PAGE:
As it turns out, I got home in plenty of time to watch the Rays-Phillies matchup on Saturday evening. And it turned out to be a bit of a slugfest at a breezy Bright House Field in Clearwater. Mitch Talbot – one of the outsiders for the rotation’s fifth spot – was starting for the Rays, and suffered a rough first inning. He gave up five runs and three homeruns before getting out of it. Still, he came back and pitched a scoreless second and third, so it wasn’t a total disaster for him…
I rushed home from work last night to catch the first televised Rays game of the spring – against the Yankees in Tampa. Missed the top of the first (which is fairly usual for weekday afternoon games), but caught the rest of what turned out to be the Rays’ second straight loss to start the spring…
Hmm. So, I was going to write something trying to justify not putting up a single post for over two months. I even started typing it. But let’s face it. There is no possible justification for taking such a holiday right after your team wins a ridiculously improbable American League championship.
The dark months of winter have passed (well, February in Scotland is still firmly winter, but you know what I mean…), the American football season is over, and the (proper) football season in England is reaching its climax.
And yes, baseball is back.
In an odd way, I’m not quite excited yet as I normally am by the time Spring Training kicks into gear. I have a feeling its partly due to the fact that last year I was still watching baseball deep into October – a full month later than I’ve normally closed the book on the season. Then of course, there is the nagging fear – if that’s the right word – of expectations. For possibly the first time ever as a Rays fan, I actually have some. I’m not really sure what to do with that. Frankly, while I know that I have some real expectations for the team this year, I’m not entirely sure what they are. A repeat AL title? Another win in the East? Just getting to the playoffs again? Being happy with challenging the hyper-spending Yankees and Red Sox? I don’t know yet what I’d be happy with.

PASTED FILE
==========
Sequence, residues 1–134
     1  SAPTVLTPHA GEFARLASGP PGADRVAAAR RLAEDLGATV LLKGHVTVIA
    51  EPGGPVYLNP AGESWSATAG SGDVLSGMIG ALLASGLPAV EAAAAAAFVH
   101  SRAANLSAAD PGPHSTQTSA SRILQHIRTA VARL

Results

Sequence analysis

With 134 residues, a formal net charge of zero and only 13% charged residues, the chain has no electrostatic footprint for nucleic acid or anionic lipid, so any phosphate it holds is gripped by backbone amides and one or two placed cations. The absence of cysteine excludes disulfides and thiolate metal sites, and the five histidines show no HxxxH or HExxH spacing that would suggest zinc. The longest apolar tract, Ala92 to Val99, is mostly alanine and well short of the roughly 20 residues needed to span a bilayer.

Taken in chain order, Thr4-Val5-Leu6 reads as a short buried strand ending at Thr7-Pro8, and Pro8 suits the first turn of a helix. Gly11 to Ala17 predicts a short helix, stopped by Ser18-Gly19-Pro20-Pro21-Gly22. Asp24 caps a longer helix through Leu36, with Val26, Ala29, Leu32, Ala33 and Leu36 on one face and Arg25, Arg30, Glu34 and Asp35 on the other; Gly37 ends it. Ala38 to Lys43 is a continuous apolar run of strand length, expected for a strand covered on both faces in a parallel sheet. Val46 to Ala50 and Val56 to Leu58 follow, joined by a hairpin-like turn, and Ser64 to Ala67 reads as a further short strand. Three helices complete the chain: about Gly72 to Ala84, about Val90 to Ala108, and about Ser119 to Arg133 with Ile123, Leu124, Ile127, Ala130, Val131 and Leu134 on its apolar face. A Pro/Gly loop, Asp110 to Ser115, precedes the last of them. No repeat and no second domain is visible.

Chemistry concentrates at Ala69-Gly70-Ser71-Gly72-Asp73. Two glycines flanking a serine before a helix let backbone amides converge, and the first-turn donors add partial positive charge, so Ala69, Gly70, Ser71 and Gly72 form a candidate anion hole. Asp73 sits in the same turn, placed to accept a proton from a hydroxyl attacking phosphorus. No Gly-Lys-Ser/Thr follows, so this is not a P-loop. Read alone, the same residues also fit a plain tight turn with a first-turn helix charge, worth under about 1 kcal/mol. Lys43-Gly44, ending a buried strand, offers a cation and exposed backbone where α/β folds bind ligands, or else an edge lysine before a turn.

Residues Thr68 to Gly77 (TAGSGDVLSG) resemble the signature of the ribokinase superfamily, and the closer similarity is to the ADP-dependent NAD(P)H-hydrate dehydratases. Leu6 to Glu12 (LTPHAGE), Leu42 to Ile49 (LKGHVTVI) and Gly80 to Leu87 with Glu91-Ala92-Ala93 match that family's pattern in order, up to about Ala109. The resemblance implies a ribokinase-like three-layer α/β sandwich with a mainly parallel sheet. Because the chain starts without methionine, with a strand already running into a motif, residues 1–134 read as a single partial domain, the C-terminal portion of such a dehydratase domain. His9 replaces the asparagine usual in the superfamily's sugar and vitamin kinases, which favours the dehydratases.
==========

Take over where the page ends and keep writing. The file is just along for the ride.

Anyway, as ever in baseball its been all-change over the winter in St Pete. For a start, the Rays aren’t in St Pete at the moment – they’re at their new spring home in Charlotte. Then there are the player comings and goings. In: Pat Burrell, Matt Joyce, Gabe Kapler, Brian Shouse, Joe Nelson. Out: Edwin Jackson, Eric Hinske, Cliff Floyd, Rocco Baldelli, Trever Miller, Jonny Gomes (sad face 😦 ). Plus a few others in both columns. At some point I’ll probably give my thoughts on the new faces, but here is a rather important one for starters – I really don’t know that I’m comfortable having two outfielders called Gabe.
And since the last time I posted, Dewayne Staats has a new partner for the TV broadcasts. Not exactly a major news story in the grand scheme of things, but for someone who is limited to watching games on TV, it is important. I’ve already posted on the hard job that replacing Joe Magrane will be, and the man taking on the challenge is Kevin Kennedy. I’ve only read good things about him so far, so fingers crossed.
I haven’t seen yet when the first Rays spring training game will be shown on MLB.tv – will have to check on that. Actually, just typing this has made me a bit more excited about seeing them in action again.
Excellent. Rays baseball 2009 is go.
Possibly the best thing about watching sports live is the connection you feel to the players. You can almost feel like you’re part of the team. My current seats at Southampton football games (for when I am actually back down south) are no more than 10 yards from the edge of the pitch. When I shout, the players (and the referee/linesmen!) can hear. I mean sure, I know that they’re not going to take any notice of me, but they can hear. And when you’re that close, watching them all season long, you get to know them. Not in a personal, go and have a chat way, but you get a feel for their personality, their style – basically of who they are.
Its something you just don’t get from watching on TV. And thats what I find sometimes about the Rays. As much as I love watching them, and as badly as I want them to do well, I don’t have that connection to the team that comes with seeing them live.